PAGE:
What does Barley mean in the Bible?

Greek / Hebrew Translation Occurance
שְׂעֹרִֽים barley. 4
שְׂעֹרִ֔ים barley. 3
הַשְּׂעֹרִ֖ים barley. 2
שְׂעֹרִים֙ barley. 2
שְׂעֹרִ֛ים barley. 2
וּשְׂעֹרִ֖ים barley. 2
שְׂעֹרִ֖ים barley. 2
κριθῶν barley. 1
שְׂעֹרִים֮ barley. 1
שְׂעֹרִ֑ים barley. 1
שְׂעֹרָ֑ה barley. 1
שְׂעֹרָ֥ה barley. 1
וּשְׂעֹרָ֣ה barley. 1
הַשְּׂעֹרִֽים barley. 1
וּ֠שְׂעֹרִים barley. 1
וּשְׂעֹרָ֔ה barley. 1
הַשְּׂעֹרָה֙ barley. 1
וְהַשְּׂעֹרָ֖ה barley. 1
κριθίνους of barley 1
שְׂעֹרִ֜ים barley. 1
וּשְׂעוֹרִ֖ים barley. 1
וְהַשְּׂעֹרִ֜ים barley. 1
וּשְׂעֹרִ֕ים barley. 1
וְהַשְּׂעֹרִ֣ים barley. 1
שְׂעוֹרִ֑ים barley. 1
κριθίνων of barley 1
הַשְּׂעֹרִ֥ים barley. 1

Definitions Related to Barley

H8184


   1 Barley.
      1a Barley (of the plant).
      1b Barley (of the meal or grain).
      

G2916


   1 of Barley, made of Barley.
   

G2915


   1 Barley.
   

Frequency of Barley (original languages)

Frequency of Barley (English)

Dictionary

Fausset's Bible Dictionary - Barley
First mentioned in Exodus 9:31, which shows the barley harvest was earlier than the wheat, a month earlier in Egypt. Neither is found wild. Cereals and the art of converting them into bread were probably God's direct gift to man from the first. The worship of Ceres was probably a corruption of this truth. Canaan was "a land of wheat and barley" (Deuteronomy 8:8). Barley was a food for horses (1 Kings 4:28), but also for men. The hordeum distichum, or "two rowed barley" was that usual in Palestine (Judges 7:13; Ezekiel 4:12). Its inferiority to wheat is marked by the jealousy offering being of barley, whereas the ordinary (minchah ) meat, offering was of fine wheaten flour (Leviticus 2:1), and the purchase price of the adulteress (Hosea 3:2). The scanty supply, marking the poverty of the disciples, but multiplied by Jesus, was five barley loaves (John 6:9).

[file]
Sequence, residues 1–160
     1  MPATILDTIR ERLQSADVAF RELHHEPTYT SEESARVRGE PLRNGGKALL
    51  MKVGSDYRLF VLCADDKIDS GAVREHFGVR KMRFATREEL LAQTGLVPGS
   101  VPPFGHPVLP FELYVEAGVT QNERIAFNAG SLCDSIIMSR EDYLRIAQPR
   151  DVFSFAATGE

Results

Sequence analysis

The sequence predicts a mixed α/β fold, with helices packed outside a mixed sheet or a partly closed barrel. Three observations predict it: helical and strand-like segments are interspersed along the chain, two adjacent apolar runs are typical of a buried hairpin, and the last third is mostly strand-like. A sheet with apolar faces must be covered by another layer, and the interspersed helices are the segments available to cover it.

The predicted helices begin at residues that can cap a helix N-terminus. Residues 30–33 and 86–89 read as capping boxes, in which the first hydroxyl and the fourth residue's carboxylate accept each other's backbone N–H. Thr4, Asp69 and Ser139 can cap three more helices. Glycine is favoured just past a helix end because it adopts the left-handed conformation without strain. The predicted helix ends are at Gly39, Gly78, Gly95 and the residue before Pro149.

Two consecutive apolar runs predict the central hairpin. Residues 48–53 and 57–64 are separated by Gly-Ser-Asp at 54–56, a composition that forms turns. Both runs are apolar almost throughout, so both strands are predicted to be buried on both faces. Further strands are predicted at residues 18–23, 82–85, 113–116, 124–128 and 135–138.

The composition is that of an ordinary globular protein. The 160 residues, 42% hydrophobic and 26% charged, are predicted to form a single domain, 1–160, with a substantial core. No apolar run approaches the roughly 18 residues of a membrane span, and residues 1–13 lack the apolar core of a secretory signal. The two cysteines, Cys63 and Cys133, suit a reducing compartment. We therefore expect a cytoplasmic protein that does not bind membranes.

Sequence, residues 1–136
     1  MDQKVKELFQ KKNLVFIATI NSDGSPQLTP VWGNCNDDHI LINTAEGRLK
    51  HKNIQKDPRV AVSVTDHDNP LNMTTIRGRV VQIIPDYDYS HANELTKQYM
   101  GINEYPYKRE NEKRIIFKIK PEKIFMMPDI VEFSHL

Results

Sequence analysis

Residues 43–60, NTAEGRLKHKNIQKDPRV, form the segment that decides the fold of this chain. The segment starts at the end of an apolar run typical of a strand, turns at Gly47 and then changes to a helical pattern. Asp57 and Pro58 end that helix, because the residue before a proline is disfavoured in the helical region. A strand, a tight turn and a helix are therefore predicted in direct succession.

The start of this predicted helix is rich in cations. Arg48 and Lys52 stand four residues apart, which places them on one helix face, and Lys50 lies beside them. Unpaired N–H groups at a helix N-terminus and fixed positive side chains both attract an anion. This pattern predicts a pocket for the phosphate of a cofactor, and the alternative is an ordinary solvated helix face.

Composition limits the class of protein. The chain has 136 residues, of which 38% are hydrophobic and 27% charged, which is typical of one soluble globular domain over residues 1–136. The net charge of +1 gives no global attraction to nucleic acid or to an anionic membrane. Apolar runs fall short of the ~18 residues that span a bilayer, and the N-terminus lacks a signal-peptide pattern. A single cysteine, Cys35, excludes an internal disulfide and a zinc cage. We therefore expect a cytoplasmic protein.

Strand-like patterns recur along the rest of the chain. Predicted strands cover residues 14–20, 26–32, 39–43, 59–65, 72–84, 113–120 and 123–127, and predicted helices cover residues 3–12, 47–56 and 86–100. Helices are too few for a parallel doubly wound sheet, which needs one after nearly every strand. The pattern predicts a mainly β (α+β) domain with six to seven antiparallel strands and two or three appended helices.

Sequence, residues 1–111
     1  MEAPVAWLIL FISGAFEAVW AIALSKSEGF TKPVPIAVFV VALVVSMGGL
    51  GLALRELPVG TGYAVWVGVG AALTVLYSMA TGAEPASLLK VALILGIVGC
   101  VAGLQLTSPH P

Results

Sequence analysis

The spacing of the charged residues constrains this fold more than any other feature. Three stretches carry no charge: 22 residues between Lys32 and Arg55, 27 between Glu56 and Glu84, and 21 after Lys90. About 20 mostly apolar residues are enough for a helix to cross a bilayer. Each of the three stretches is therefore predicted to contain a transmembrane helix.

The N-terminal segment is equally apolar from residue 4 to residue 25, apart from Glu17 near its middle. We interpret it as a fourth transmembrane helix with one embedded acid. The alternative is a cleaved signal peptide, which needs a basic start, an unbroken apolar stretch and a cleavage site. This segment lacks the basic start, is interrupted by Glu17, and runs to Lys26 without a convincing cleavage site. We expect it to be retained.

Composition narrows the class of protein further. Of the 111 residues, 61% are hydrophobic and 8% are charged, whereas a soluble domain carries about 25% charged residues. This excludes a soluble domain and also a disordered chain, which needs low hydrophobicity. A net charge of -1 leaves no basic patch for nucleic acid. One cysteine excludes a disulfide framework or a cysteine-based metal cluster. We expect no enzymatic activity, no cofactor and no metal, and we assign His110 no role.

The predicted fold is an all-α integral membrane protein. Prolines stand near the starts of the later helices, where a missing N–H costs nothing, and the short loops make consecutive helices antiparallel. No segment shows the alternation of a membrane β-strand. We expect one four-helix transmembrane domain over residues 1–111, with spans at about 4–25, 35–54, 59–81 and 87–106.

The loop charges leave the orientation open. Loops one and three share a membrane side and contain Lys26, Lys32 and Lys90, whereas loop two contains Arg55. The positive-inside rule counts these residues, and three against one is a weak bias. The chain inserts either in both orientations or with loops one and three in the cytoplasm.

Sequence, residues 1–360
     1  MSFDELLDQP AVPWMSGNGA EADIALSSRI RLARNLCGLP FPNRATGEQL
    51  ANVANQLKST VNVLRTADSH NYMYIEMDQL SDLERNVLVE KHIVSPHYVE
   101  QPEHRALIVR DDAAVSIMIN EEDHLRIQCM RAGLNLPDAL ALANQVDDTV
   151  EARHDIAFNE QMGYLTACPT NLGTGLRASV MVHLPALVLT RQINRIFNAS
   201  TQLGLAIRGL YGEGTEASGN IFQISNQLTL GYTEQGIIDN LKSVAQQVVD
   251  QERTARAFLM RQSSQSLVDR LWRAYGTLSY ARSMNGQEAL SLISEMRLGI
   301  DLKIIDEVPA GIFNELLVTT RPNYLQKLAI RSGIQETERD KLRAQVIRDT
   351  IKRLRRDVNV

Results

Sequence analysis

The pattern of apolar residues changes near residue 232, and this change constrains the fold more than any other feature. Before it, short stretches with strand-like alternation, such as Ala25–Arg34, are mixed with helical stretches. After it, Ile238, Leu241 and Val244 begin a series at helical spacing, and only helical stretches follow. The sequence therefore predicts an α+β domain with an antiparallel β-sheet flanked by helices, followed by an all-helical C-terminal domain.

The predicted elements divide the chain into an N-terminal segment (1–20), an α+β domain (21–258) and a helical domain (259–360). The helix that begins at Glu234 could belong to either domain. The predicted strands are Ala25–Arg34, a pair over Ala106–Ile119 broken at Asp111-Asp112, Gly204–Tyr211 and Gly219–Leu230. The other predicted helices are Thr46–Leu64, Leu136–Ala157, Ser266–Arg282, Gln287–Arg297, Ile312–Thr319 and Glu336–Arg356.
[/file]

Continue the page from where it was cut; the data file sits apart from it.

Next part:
The people in Palestine still complain that their oppressors leave them nothing but barley bread to eat (Thomson's Land and Book, p. 449). A measure of wheat is made equivalent to three of barley (Revelation 6:6). Barley rapidly ripens. Some was sowed at the autumnal rains in October or November, other barley seed immediately after winter. Barley harvest was a note of time; as when it is said Rizpah, the afflicted widow of Saul, watched over her seven sons' bodies "from the beginning of barley harvest until water dropped upon them out of heaven" (2 Samuel 21:9-10), i.e., from May until September. In the Midianite's dream Gideon was regarded as a mere vile barley cake, yet it is just such whom God chooses to overthrow the mighty (Judges 7:13; 1 Corinthians 1:27).
Holman Bible Dictionary - Barley
A grain for which Palestine was known (Deuteronomy 8:8 ). The failure of the barley crop was a disaster (Joel 1:11 ). Barley was the food of the poor (Leviticus 23:22 ; Ruth 3:15 ,Ruth 3:15,3:17 ; 2 Samuel 17:28 ; 2 Kings 4:42 ; 2Kings 7:1,2Kings 7:6,2 Kings 7:18 ; 2Chronicles 2:10,2 Chronicles 2:15 ; 2 Chronicles 27:5 ; Jeremiah 41:8 ). Barley flour was used to make bread (Judges 7:13 ; Ezekiel 4:12 ) and was the kind of bread Jesus used to feed the multitude (John 6:9 ,John 6:9,6:13 ). Barley was also used as feed for horses, mules, and donkeys (1 Kings 4:28 ). There was a spring variety (Hordeum vulgare ) and a winter variety (Hordeum hexastichon ).
Hastings' Dictionary of the Bible - Barley